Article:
Lena Dunham turned to "holistic" hair growth treatments after her hysterectomy left her with "thinning" hair.

Lena Dunham

Lena Dunham

The 'Girls' creator underwent the medical procedure to remove her uterus after suffering with endometriosis - which causes tissue found in the lining of the uterus to grow outside the uterus - however, the "hormonal shift" caused by the surgery caused her to begin losing her hair.

She said: "When an autoimmune disease and the hormonal shifts of a hysterectomy left me with thinning, patchy strands, the era of endless hair experiments that defined my twenties (bleached bowl cuts; green rockabilly curls; a severe auburn Posh Spice look; endless pixies) ended. When you have no hair to play with, there will be no play."

The 34-year-old actress then turned to a range of techniques - both holistic and populist - to try and get her hair to grow back.

And although she can't say for sure if any of the treatments worked, she can now boast a full head of luscious locks.

She added: "I committed myself to growth techniques - both holistic (scalp scrubs with salt and honey; washing and not washing), and more populist (biotin supplements, Sugarbear hair gummies) - and while I can't say for sure if it was due to any of these direct measures, or my body just re-balancing with help from my medical team, over the last two years my hair has grown fast and loose, and now I have more than I bargained for."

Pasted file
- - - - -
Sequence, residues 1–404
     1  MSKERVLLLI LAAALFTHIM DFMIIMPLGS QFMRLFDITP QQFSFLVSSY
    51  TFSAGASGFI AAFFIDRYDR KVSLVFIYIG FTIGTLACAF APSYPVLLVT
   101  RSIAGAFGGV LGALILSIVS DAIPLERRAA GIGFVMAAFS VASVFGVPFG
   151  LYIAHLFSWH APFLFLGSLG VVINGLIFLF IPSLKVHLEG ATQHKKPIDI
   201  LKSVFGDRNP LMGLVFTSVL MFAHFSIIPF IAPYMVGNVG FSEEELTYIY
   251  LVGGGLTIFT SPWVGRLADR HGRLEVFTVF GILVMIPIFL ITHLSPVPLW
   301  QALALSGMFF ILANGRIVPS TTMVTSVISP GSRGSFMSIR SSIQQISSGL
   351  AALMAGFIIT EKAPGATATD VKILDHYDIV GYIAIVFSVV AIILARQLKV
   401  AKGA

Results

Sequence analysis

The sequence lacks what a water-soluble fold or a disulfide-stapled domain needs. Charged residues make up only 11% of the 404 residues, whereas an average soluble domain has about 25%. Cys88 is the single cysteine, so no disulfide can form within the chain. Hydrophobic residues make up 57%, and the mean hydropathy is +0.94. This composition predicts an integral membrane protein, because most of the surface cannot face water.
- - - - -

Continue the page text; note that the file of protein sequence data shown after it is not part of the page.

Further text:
Lena insists she doesn't believe a woman needs to have long hair to be considered "feminine", but says her own hair has come to represent "hope".

Writing in an article for Vogue magazine, she explained: "It's important to state here that I do not believe hair makes the woman, nor that femininity is dependent on Crystal Gayle levels of length. My hair came to represent a period of real loss (relationships, fertility, the carefree nature of youth) and its return was something hopeful, even spiritual."


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